One of the ways that I know I've found the real dramatic center of my idea is that I feel a visceral click, a compelling mix of relief, clarity, certainty, and excitement. Another way is that my mind begins to act like a magnet for images, music and ideas [...] and I can see how the dramatic center expresses the connection between them. (26)

In addition to this compass of clarity, the student must be able to envision the outcome of their work - to make a connection, to feel that their thoughts may be appreciated or understood, or even great. This echoes the power of positive intention that is the tool of elite athletes; (27) it is essential for students to anticipate a sense of success, whether it be getting a great mark, pleasing an admired figure, making a difference, or something as simple and tangible as receiving a gold star.

Contemplation and inspiration

For the student, this is often the most difficult stage. It may form part of the first stage or the third stage. It is a vital part of the process during which students need guidance and time. For the most part, students may have a limited experience of life simply because of their age. This may result in students thinking that they have nothing to say. Some may think that they have led a fairly average life, some may feel intimidated by those who stand out in class, and some may have deep and painful stories they may be reluctant to uncover. As professionals, we must find a way to ignite their inspiration.

Storytelling is a key way of understanding, exploring and enjoying life. If teachers are to ask students to create and tell stories, it is imperative that they encourage students to contemplate what they know. Krzysztof Piesiewicz, screenwriter for the great Polish filmmaker Krzysztof Kieslowski, says:

In my scripts there is always a subject I want to discuss with the viewer. I start by asking myself whether this subject is significant and whether I have anything to say about it. The actual themes or subjects arise from my own introspection, (28)

Likewise, renowned Japanese screenwriter Kaneto Shindo was not afraid to start with his own reality:

Who does a writer write about? He writes about himself. When I began writing 25 years ago I did not realize this. I wanted to write about subjects that excited my curiosity. But the more I wrote the more I came to realize that I was writing about myself. I do not know what my closest friend is thinking. I do not know anyone else's mind, but I do know who I am. (29)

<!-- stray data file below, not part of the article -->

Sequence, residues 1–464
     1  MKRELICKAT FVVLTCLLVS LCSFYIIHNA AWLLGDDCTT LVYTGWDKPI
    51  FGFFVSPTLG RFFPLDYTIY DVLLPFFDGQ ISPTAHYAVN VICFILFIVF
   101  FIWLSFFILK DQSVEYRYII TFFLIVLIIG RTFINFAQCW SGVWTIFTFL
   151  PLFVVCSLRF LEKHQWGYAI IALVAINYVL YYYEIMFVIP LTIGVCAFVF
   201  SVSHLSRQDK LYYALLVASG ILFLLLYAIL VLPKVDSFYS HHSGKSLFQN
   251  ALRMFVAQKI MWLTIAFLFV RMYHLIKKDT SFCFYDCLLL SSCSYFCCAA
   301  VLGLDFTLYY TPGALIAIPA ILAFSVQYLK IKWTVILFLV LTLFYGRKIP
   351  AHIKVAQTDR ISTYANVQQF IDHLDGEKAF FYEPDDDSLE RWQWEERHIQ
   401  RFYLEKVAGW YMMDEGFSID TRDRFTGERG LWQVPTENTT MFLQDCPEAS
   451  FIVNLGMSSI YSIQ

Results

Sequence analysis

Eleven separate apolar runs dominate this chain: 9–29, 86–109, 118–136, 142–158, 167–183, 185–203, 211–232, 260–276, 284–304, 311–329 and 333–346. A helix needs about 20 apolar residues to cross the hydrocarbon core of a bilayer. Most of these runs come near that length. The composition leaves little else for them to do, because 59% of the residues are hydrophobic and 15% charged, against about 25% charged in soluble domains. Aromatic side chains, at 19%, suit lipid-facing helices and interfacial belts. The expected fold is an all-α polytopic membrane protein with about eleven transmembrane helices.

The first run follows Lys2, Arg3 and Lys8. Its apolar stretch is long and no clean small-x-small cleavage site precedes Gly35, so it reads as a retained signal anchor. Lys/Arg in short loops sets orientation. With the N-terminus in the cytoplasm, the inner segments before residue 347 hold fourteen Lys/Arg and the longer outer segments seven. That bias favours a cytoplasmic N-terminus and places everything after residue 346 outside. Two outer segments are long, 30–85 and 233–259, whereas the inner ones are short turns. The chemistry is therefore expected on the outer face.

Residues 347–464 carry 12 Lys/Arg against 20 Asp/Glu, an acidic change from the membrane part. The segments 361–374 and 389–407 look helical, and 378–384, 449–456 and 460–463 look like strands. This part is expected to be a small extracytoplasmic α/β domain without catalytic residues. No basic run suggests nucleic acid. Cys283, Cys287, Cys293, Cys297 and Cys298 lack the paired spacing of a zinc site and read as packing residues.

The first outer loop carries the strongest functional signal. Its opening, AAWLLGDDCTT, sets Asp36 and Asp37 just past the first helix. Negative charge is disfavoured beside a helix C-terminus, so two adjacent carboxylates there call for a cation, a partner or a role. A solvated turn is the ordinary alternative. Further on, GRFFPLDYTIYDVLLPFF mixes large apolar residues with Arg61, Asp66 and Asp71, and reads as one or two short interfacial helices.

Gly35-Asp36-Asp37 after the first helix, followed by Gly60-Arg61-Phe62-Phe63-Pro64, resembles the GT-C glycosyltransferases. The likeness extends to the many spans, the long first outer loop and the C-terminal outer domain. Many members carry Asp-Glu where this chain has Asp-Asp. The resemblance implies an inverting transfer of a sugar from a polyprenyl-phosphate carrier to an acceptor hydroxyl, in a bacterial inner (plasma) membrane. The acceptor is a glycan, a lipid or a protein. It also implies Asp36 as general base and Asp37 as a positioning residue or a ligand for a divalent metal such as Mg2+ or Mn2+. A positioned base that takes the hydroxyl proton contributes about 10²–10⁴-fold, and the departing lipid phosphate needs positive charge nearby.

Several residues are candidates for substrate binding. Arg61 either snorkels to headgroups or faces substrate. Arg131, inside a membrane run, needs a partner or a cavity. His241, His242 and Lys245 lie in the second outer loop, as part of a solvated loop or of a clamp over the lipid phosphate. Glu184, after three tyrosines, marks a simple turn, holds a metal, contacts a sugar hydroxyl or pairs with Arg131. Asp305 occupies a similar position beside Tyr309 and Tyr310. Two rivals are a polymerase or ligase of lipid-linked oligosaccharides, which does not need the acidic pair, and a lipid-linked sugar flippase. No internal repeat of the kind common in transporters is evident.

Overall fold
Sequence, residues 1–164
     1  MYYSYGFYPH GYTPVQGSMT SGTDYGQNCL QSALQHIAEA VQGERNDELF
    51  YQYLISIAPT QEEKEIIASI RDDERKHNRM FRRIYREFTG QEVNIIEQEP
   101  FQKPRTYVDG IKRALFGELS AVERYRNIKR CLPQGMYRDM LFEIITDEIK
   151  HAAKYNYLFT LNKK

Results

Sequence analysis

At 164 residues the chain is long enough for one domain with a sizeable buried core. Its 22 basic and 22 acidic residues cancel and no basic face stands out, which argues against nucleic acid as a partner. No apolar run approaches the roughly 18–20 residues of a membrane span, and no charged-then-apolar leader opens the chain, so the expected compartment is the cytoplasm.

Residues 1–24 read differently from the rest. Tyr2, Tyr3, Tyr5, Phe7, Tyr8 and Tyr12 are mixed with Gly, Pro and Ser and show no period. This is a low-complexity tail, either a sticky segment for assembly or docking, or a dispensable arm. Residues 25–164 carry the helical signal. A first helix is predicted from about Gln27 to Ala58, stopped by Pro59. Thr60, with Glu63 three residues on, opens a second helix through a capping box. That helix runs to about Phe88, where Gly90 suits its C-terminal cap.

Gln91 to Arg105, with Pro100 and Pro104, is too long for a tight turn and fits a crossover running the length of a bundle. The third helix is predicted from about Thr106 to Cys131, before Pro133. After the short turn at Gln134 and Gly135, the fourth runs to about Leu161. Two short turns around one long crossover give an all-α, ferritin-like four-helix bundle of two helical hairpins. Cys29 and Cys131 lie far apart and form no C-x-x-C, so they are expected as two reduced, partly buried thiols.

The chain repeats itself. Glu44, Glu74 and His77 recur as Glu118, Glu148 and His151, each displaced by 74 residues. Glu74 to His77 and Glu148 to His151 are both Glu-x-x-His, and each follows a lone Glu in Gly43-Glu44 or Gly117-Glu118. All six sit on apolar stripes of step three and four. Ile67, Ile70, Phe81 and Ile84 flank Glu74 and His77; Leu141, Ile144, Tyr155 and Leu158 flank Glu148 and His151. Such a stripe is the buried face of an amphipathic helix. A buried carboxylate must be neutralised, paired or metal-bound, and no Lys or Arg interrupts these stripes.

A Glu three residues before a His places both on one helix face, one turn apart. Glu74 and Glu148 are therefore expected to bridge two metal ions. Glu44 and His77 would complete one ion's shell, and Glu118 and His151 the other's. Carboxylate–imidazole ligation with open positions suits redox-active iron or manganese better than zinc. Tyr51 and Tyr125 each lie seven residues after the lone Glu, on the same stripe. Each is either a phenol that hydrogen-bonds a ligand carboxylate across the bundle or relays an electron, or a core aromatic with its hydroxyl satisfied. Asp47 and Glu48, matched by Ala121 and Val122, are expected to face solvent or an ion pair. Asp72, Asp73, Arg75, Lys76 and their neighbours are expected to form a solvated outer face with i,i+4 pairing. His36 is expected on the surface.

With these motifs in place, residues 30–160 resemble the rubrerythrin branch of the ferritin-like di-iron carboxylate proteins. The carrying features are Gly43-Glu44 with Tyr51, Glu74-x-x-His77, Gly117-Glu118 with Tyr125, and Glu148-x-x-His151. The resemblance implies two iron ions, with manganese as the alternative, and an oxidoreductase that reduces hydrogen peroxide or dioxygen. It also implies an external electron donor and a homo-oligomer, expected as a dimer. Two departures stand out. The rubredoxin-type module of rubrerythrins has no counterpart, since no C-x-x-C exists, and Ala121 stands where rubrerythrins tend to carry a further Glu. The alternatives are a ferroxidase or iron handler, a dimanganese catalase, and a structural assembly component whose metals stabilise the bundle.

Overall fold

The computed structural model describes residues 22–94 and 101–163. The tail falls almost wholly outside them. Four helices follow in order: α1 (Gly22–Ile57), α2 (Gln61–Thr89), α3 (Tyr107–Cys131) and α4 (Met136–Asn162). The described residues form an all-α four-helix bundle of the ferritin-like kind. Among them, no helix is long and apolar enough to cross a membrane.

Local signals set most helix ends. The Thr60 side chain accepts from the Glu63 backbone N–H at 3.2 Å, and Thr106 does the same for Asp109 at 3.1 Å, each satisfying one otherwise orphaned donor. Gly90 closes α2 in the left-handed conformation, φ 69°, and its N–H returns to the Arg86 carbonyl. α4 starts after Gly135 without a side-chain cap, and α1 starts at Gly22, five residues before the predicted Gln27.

The process of journaling or collecting ideas is important at this stage as it helps students to discover their ideas and personal voice. In the first weeks of semester I ask students to keep a journal, on paper, their phone, their computer or in a shoebox, to record anything that interests them--images, lines of songs, snatches of conversation. For scriptwriting student Joey, the journaling process is:

A wonderful opportunity to reconnect with the reason why I write [...] and the core components of my identity, which compelled my endeavour to create a mirror for my art that I can look through [...] and a mirror that others can look through. (30)

A powerful exercise to encourage inspiration is to ask students to bring an item from their childhood to school and share why it is important to them. This often leads them to consider the key values of their life, such as the importance of standing up for friends, valuing their own opinions or working hard. (31) All these processes are instrumental in enabling students to find their voice. In the words of screenwriter Hanif Kureishi, 'Your point of view, which is your voice, your person, isn't something you have to get. It's something you uncover.' (32)

Preparation

Writers work in different ways, but all need to recognise and assemble the tools--both physical and mental--that they need in order to create. Some are driven by deadlines, some are meticulous planners, some work intermittently, some like to listen to music, some like to create in complete silence. I have found that, for my students, the most important aspect of the creative process is to enable and allow them to work in the way that suits them. Angela, a scriptwriting student, finds: